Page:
That said, I’ll concur that Chappelle’s comedy has done more for sparking public race discussion since Pryor.  In that sense, he deserves a lot of credit.  I guess in terms of a primetime tv show’s effect on society, there are varying degrees—I should’ve made that clearer.  Chappelle’s show makes a larger impact on racial perspective than, say, According to Jim, but far less than Good Times.

Every comedian reserves the right to make whatever creative decision about their work that they see fit.  Having become a huge sensation in such a short period could make any mortal man freak out over how to progress their art.  Maybe I don’t have the full story, did Comedy Central/Viacom exert creative authority?  Did they note up his scripts?  Seems like if they’re willing to fork over $50m, they’d just let him do his thing and stand back, ala the HBO philosophy.  I haven’t found a clear answer to that. 

If there was no network interference, I would contend that Chappelle simply buckled under the pressure of having to live up to, perhaps unreasonably, the hype of his first two seasons.  In other words, I don’t see any reason why he bolted, if he had the same writers, producers and creative control.  So that’s why I find the social responsibility perspective somewhat suspect.

Posted by seamus on 07/25  at  07:37 PM

In the context of the other comedy and the comedy culture of this decade, Chappelle’s decision to bolt makes sense. His show did amazing things with race, the likes of which most television audiences had never seen. The “racial draft” bit, for example, made some deftly and uniquely insightful statements about identity politics.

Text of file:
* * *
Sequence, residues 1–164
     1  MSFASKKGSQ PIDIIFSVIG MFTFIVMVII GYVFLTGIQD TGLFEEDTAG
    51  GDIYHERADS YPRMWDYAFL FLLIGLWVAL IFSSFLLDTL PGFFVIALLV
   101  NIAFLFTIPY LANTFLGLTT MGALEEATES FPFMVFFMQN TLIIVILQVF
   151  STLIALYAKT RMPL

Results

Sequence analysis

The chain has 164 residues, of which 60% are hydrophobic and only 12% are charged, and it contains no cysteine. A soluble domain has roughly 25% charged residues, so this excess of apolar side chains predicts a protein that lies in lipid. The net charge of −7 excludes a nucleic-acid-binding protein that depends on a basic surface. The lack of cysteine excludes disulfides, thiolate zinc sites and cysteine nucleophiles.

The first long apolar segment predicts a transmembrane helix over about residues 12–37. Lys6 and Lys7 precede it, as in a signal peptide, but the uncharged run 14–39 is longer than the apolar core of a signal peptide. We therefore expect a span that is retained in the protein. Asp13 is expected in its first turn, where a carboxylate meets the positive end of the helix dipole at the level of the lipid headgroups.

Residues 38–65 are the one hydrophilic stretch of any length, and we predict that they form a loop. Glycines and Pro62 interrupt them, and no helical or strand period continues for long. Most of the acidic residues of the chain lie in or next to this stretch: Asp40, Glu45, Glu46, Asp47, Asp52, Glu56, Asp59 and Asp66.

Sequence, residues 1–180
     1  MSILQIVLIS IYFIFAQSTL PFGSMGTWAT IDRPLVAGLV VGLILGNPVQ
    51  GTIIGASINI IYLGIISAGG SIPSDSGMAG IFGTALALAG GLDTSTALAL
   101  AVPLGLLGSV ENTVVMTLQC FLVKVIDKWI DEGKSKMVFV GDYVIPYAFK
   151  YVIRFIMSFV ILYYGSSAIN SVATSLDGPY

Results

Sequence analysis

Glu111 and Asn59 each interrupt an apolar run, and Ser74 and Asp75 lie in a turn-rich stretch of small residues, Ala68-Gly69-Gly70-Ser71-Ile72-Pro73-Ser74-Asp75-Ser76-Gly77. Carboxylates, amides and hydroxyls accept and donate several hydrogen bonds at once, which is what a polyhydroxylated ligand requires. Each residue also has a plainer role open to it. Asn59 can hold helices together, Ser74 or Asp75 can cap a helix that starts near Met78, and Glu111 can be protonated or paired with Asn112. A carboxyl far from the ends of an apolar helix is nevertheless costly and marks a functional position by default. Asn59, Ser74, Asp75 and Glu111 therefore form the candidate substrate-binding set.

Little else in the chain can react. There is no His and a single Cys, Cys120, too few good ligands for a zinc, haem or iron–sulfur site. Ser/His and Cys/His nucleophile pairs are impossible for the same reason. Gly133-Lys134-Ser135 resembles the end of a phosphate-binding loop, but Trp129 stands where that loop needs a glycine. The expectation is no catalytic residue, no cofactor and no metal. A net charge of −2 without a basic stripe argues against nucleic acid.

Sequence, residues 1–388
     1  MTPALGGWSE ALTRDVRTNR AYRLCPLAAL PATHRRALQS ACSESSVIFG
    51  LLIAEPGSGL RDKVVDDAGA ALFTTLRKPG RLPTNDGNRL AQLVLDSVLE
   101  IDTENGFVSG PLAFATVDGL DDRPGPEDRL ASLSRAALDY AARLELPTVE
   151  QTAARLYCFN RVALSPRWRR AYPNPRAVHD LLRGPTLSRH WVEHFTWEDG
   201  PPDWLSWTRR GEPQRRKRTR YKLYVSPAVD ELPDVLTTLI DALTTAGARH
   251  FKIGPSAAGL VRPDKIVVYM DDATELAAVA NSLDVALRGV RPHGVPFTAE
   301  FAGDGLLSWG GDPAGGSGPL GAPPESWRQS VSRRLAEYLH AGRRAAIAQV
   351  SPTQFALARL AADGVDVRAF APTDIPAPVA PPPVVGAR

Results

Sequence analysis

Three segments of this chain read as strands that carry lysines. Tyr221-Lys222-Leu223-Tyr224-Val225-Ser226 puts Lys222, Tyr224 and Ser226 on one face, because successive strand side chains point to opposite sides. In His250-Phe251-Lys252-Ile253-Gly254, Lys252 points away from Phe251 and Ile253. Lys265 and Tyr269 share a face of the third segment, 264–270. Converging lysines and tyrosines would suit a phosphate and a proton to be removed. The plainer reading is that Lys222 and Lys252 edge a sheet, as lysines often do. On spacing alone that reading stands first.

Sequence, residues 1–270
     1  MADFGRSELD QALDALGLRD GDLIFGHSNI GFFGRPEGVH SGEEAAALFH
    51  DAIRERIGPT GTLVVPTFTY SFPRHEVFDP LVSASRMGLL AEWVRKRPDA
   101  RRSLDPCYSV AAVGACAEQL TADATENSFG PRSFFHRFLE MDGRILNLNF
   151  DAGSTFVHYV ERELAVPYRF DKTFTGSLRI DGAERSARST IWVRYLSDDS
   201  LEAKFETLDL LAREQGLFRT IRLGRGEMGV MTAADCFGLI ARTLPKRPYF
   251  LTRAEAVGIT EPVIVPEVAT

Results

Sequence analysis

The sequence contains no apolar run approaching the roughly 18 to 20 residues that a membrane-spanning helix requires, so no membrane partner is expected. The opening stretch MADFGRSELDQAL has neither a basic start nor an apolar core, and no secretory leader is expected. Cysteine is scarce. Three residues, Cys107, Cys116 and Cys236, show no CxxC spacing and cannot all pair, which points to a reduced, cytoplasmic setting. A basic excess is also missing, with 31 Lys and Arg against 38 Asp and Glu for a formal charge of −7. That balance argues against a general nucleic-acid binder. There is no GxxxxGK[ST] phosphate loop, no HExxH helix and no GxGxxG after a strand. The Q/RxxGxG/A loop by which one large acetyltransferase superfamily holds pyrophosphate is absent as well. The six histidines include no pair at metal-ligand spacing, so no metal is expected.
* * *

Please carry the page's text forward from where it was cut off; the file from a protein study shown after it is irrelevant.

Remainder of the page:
The problem was that some people, including Comedy Central management, saw the success of Chappelle’s Show as some kind of permission slip to do comedy about race, which in less adept hands becomes racist comedy. Saturday Night Live the last few years has featured at least one horrible “dumb and lazy black people” sketch or “flaming gay people” sketch every time I’ve tuned in, the type of sketch where the people living out the stereotypes are the beginning and end of the joke. And you know that without Chappelle, Comedy Central never would have greenlighted Mind of Mencia, which as far as I can tell is just a weekly rehash of stereotypes about race, sex, and orientation. Mencia’s standup has also devolved into un-clever “Asians are really bad drivers” type jokes, followed by violent insistence that anyone who doesn’t think that joke was funny is just being lame and politically correct. (This is a real shame, since Mencia’s standup 10 years ago was pretty groundbreaking, IMHO.)

So I can see why Chappelle went running for the hills. When white young people—people who are still forming their racial attitudes—laugh at Chappelle’s jokes about black people, and then laugh at all the other jokes about black people made by the dumber imitators, of course Chappelle is going to feel some responsibility. He’s not comparing himself to Martin Luther King; he’s just saying that he doesn’t want to be part of that anymore. Fine.

What’s most ignorant about that “Hollywood Insider” piece and pretty much everyone else giving Chappelle hell is that Chappelle made a creative and personal decision. Now leave him alone.

Anyway, great post, Todd.